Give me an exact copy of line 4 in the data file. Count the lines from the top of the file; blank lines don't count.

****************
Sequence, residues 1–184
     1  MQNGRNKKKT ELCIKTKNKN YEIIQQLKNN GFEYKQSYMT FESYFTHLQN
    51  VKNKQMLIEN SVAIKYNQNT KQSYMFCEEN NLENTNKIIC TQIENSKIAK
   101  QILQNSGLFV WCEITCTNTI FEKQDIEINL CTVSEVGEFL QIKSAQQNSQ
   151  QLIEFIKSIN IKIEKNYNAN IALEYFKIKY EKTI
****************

   101  QILQNSGLFV WCEITCTNTI FEKQDIEINL CTVSEVGEFL QIKSAQQNSQ